CROSS Safety Report
Collapse of infill wall panel
This report is over 2 years old
A blockwork infill wall panel approximately 4m wide and 9m high between two building collapsed in high winds.
Key Learning Outcomes
For construction professionals:
Quality assurance and competent supervision on site can help to ensure that the structures including infill wall panels are built in accordance with the design
Effective communication of essential design information and details in an accessible form to tradespeople working on site can also ensure the works are in accordance with the design intent
For civil and structural design engineers:
Adequate design details and specifications should be provided for bespoke wall panels to ensure there is no ambiguity as to what detail should be applied to the construction
The type of wall tie, method of fixing, spacing and tie frequency should be carefully considered and clearly conveyed on the construction drawings
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A blockwork infill wall panel approximately 4m wide and 9m high between two buildings, A and B, collapsed in high winds. An investigation was carried out by the reporter's firm in conjunction with other parties and the main findings were:
Frame cramps (wall ties) remained fixed in place on the A side of the failed panel, whereas they were torn from the steel on the B side
The wall panel was subject to significant wind load, predominantly from the rear, funnelling down a service corridor, but potentially also from suction on the other side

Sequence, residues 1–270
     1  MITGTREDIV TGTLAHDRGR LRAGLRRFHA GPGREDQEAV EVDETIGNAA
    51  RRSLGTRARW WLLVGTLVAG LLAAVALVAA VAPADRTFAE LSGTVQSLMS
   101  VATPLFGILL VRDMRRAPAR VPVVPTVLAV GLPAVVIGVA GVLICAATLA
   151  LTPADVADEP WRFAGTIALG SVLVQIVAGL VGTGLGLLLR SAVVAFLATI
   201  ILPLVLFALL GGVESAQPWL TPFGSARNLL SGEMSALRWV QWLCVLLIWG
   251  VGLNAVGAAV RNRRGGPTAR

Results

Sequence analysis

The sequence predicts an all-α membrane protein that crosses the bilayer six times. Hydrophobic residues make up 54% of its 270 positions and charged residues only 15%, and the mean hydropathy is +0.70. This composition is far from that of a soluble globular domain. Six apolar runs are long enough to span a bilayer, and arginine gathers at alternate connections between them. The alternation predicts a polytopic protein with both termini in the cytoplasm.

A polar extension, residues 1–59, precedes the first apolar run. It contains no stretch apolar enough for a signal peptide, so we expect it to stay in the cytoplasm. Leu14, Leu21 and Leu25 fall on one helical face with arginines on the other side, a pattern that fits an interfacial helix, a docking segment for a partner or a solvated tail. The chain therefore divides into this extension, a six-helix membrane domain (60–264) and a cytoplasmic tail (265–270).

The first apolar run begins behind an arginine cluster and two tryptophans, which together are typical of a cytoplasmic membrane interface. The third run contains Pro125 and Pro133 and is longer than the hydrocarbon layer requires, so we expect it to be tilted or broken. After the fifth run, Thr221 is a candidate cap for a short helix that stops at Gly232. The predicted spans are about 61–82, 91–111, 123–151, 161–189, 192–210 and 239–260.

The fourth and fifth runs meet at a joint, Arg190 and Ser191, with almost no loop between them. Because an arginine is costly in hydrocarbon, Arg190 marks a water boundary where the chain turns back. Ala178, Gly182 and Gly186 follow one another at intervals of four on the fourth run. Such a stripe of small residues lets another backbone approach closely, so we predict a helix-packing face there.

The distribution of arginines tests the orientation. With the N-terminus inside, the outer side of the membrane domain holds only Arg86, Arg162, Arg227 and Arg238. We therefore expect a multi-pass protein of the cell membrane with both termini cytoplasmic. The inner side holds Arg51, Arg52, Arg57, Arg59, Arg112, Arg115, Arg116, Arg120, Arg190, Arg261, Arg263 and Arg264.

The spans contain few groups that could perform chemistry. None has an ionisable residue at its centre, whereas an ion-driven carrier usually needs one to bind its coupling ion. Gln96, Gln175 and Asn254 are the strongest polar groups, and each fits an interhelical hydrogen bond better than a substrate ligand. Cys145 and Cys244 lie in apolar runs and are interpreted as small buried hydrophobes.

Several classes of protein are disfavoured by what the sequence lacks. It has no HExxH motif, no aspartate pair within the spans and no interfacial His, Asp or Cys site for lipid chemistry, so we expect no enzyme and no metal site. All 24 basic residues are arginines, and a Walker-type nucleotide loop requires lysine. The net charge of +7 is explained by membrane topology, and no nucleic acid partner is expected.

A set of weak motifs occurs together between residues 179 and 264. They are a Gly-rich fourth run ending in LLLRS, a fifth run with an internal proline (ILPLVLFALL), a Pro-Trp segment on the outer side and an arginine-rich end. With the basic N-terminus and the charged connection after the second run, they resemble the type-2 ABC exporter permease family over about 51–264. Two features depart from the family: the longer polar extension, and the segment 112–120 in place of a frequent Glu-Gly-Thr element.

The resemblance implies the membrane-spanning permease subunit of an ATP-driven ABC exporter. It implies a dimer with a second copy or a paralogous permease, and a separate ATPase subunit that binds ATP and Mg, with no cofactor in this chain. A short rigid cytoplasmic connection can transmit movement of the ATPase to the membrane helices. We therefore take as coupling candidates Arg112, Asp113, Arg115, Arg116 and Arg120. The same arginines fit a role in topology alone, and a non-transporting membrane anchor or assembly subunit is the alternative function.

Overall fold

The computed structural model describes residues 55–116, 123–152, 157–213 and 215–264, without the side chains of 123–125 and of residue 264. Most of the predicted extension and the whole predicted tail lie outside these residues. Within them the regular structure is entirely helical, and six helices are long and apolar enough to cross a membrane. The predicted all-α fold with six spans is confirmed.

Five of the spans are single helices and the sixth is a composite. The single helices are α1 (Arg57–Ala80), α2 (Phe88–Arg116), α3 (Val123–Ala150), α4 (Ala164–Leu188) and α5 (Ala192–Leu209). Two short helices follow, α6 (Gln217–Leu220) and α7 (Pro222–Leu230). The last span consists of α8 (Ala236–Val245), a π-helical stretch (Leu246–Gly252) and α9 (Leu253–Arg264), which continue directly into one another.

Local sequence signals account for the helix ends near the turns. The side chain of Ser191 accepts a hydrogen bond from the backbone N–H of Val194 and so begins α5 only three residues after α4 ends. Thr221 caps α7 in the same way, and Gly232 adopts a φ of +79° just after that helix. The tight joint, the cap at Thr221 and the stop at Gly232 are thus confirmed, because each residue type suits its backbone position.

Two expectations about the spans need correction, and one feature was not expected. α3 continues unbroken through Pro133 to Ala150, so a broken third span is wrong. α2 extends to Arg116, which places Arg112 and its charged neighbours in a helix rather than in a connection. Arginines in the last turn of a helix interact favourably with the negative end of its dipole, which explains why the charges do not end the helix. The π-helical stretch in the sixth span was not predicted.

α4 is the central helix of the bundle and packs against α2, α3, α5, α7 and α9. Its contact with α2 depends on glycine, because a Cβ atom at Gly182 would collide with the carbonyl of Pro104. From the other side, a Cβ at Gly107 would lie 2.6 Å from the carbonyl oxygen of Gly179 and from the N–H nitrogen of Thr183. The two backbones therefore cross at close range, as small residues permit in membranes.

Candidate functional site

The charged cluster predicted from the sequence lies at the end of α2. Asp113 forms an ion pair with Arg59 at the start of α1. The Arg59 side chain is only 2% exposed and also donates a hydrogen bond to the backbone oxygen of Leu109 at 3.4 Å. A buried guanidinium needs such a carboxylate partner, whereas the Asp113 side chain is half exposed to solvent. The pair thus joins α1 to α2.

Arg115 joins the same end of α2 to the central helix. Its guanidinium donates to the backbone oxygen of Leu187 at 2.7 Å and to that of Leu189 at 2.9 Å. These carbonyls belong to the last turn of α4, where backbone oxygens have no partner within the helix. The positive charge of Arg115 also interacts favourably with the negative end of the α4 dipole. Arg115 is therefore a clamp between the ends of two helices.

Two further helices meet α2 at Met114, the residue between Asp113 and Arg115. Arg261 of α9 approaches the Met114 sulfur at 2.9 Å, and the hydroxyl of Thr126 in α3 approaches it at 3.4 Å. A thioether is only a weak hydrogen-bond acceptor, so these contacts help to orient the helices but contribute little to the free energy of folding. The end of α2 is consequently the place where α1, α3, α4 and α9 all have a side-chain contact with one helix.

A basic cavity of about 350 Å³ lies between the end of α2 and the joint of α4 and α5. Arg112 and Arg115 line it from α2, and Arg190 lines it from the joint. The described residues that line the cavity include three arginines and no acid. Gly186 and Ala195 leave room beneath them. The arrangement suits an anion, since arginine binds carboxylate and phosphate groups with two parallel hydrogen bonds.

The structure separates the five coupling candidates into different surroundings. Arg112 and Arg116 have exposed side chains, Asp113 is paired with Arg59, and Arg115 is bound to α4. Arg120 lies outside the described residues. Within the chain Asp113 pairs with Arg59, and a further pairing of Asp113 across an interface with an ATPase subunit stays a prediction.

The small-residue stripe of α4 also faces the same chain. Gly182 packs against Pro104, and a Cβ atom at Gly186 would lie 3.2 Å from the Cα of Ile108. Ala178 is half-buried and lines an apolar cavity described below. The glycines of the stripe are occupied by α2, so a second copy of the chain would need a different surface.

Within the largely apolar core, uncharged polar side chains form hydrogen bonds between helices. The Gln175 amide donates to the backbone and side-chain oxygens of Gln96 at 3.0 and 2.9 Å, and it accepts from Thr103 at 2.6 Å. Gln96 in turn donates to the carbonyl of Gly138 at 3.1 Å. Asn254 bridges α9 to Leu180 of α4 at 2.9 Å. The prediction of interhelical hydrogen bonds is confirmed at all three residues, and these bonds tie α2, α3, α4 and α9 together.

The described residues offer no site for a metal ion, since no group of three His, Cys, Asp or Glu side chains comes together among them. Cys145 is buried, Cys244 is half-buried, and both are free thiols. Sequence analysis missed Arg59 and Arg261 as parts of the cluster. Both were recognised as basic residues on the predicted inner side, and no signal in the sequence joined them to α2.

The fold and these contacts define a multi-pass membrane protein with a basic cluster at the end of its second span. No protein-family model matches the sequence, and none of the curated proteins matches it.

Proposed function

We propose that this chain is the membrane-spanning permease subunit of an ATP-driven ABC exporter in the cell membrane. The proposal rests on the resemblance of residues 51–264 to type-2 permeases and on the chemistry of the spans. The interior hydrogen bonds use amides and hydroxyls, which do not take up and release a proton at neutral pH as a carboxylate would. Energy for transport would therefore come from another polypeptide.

Side A frame cramps (wall ties) had failed, and the wall slipped off them, possibly due to fatigue and buffeting, although most likely due to lack of ties. Ties were installed at 450mm centres rather than 225mm.
Embedment of ties was 45mm rather than the specified 50mm minimum
Shot fired ties used, where tec / self-tapping screw fixings are recommended by manufacturer (although the use of shot fired ties is industry norm)
There was no bed /joint reinforcement
Lack of specific architectural detail
Recommended action to be taken in future, says the reporter, are:
Where there is a bespoke wall always ensure that there is a design detail / specification, so that there can be no ambiguity as to what detail should be applied to the construction. Do not rely on standard details which may be sufficient for more normal sized walls.
Consider the type of wall tie, the method of fixing, the spacing and frequency. Clearly defined details should be incorporated into the project inspection and test plan, with sign off at key stages.
As a general comment - practitioners should always ensure that inspection regimes are thorough, robust and documented
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